What did Dinosaurs Eat

Jane Allyson's image for:
"What did Dinosaurs Eat"
Image by: 

Through studying the bone structure, teeth, stomach contents, physiology and location of dinosaur fossils, scientists can gain great knowledge about the kind of food these ancient lizards lived on.

Dinosaurs are divided into two orders: the
Saurischia ( lizard-hipped) and
Ornithischia (birdhipped). They can then can be split into three types; herbivore, carnivores and omnivores and can be defined as being land archosaurs
(known as "ruling lizards") with an upright gait. Creatures such as the sea-living Plesiosaurs, Mosasaurs, and the dolphin-like Ichthyosaurs, were not dinosaurs at all and are in fact more closely related to the lizards and turtles of modern times than the bird like dinosaurs of the Mesozoic Era.

Thanks to over a hundred years of intensive excavation of sedimentary rock dating to the late Triassic period, (227 million to 206 million years ago) the scientific world have amassed a plethora of fossils (including fossilized dung known as coprolite) showing a diverse range of genera and species, giving testimony to the fact that the dinosaur had many different lifestyles and diet.

The Herbivores:

Iguanadon (iguana teeth) lived 135-125 million years ago and was the first dinosaur to be discovered. This herbivore was thought to have chomped its way through cycads, conifers, and ginkgos.

Plateosaurus (flat lizard) was a very common herbivore that had five-fingered hands with a clawed thumb and possessed a long neck that was suited to tugging at tall tree tops such as those of conifers and cycads.

formerly (we used to know it as Brontosaurus
or deceptive lizard) was a dinosaur that measured between 70 and 90 feet, with a head of merely 2 foot long. They lived mainly on conifers, but they were also partial ginkos, club mosses, horsetails and ferns.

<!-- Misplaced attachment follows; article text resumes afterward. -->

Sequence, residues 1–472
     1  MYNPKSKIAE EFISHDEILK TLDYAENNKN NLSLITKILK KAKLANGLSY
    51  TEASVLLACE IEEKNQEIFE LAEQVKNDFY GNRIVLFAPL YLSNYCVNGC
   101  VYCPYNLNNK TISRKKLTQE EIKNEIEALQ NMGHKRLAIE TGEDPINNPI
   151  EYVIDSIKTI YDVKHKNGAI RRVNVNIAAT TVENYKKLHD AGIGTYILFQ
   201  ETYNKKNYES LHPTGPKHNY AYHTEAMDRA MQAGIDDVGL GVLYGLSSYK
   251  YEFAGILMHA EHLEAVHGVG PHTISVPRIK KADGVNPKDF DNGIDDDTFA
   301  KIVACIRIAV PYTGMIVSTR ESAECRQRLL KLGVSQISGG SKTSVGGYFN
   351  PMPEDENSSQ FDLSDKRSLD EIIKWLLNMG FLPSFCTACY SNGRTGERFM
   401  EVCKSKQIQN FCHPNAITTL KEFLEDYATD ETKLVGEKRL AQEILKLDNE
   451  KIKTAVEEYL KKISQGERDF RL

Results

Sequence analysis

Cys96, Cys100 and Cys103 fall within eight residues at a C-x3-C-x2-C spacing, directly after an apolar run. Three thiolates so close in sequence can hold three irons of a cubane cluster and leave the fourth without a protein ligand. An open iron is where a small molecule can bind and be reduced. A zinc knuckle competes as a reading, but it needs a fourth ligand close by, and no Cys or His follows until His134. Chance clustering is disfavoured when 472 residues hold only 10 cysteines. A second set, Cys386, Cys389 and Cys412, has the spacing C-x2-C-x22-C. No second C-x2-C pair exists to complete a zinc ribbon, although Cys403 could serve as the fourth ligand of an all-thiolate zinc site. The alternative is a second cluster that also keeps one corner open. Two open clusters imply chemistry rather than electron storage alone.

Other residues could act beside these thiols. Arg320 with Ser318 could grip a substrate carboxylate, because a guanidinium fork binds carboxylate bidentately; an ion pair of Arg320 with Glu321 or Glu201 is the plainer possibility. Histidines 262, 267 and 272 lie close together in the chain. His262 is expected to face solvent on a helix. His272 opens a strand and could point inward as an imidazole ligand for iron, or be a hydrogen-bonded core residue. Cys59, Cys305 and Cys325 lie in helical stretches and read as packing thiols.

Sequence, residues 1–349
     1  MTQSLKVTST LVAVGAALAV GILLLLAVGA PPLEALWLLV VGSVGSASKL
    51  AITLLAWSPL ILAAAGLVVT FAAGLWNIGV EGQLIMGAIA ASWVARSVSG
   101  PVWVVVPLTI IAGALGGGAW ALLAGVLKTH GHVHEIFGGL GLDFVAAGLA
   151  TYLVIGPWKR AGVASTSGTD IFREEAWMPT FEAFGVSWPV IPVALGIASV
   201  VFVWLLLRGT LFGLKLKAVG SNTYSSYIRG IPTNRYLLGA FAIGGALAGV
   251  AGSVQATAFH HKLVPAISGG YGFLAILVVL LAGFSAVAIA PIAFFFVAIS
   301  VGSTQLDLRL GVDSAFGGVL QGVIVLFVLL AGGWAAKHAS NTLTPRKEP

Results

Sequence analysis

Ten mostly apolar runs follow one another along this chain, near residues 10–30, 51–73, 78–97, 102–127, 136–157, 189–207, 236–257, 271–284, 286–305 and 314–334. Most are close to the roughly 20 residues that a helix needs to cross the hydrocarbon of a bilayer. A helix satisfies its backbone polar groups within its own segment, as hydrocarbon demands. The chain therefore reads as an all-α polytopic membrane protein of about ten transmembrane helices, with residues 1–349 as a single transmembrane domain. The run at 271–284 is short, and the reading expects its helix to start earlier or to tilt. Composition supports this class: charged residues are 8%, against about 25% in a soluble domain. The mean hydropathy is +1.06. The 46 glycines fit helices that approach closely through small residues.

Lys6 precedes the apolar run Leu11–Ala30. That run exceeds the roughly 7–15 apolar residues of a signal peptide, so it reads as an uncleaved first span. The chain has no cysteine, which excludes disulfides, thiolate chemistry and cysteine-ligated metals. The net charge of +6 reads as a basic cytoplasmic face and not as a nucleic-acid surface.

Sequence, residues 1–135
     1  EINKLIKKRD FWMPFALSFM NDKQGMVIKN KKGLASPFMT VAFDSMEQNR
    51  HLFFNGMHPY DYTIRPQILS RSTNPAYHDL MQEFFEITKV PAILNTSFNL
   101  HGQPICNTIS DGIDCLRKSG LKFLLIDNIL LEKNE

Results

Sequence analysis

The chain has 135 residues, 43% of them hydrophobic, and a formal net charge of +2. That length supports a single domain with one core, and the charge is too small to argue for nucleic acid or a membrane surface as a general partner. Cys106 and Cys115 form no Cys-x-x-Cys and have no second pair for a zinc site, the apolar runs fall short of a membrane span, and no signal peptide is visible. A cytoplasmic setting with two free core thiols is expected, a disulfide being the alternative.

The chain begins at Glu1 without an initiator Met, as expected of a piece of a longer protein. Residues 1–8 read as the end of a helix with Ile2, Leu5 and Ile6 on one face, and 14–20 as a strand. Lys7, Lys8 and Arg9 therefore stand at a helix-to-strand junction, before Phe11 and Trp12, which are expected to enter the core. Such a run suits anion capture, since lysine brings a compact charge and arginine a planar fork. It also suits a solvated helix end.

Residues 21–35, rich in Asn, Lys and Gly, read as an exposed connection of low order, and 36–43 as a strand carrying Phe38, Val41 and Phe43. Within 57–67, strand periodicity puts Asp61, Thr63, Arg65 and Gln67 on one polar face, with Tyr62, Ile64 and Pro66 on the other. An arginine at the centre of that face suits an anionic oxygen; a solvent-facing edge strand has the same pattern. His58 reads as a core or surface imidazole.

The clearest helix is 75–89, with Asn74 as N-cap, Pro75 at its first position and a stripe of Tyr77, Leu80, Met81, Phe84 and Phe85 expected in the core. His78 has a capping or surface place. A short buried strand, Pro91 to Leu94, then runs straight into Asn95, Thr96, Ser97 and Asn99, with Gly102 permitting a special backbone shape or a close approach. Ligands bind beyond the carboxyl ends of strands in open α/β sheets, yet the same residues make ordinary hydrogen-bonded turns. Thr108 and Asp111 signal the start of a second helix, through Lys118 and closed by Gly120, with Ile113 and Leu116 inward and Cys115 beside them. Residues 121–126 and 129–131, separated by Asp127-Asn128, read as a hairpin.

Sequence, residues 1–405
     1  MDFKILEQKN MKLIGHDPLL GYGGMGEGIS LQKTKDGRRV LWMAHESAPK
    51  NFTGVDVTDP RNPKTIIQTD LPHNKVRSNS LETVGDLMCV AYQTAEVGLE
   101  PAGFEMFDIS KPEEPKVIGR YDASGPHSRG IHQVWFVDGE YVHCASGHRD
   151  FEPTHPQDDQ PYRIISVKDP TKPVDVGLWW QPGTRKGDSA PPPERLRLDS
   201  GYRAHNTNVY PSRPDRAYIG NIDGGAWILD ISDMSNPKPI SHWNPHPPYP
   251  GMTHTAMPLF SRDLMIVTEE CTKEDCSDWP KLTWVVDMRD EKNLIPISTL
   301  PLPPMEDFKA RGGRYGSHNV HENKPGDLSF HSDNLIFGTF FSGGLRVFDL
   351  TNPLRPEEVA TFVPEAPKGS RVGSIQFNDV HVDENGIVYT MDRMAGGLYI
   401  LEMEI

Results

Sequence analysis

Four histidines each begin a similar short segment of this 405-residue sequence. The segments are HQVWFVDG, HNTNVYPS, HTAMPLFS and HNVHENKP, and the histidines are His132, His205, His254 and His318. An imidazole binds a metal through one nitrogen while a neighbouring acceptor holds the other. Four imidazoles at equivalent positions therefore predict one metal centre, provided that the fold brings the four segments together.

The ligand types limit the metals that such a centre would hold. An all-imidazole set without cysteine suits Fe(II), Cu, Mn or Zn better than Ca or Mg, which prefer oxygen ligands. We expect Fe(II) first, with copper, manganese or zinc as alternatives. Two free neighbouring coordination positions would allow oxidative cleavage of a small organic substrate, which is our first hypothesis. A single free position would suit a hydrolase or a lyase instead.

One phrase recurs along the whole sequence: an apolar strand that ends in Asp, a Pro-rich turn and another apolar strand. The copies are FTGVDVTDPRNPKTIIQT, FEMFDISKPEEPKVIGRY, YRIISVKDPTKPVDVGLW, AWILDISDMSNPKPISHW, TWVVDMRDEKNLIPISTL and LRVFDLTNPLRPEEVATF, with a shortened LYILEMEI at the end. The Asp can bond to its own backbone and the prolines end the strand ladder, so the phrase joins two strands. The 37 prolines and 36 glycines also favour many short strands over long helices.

Hadrosaurus (bulky lizard) was the world's first mounted dinosaur skeleton. It possessed a toothless duckbill with many cheek teeth, ideal for chewing tough leaves and twigs.

(double-beamed) was a gigantic 90 feet long, this was one of the longest land animals. Scientists believe it spent most of its waking hours eating, to sustain the huge bulk of the body. Their teeth were blunt and so swallowed leaves and plants as a whole with no chewing involved. It is believed that their main diet was conifers, as they grew in abundance during the Jurassic era. They could also have used their long necks gather ferns that grew in wet, swampy areas.

Mamenchisaurus (Mamenchin
lizard) possessed an amazing 46 feet long neck, which is the longest of any animal that has ever lived on the Earth. Small fragments of skull show teeth of a heavy nature which would indicate a plant eating ability. These teeth would have made short work of the coarser, harder parts of plants and would have been especially good for shredding cycads and other fibrous fronds.

Ankylosaurus (bent/crooked lizard) was the most heavily armed dinosaur, and was covered with plates, studs and spikes. The diet of ankylosaurids is generally thought to be vegetation. Although it has been suggested that they were insectivorous, its weight and bulk suggest that it followed an herbivorous diet. Possessing a muzzle that can be compared to a hippopotamus, it suggests that ankylosaurids were also non-selective grazers.

Stegosaurus (plated lizard) weighed three-ton and had the brain the size of a walnut. Its teeth structure and physiology point to a vegetarian diet and probably ate ferns, smaller club mosses, cycads, horsetails, and bushy conifers.

Triceratops (three-horned face) had four stumpy legs and used the three horns on its head for protection. It started life as an egg and was a herd animal. Its cheek teeth indicate a vegetarian diet and probably rooted out cycads, palms, and other low-lying plants with its tough, toothless beak.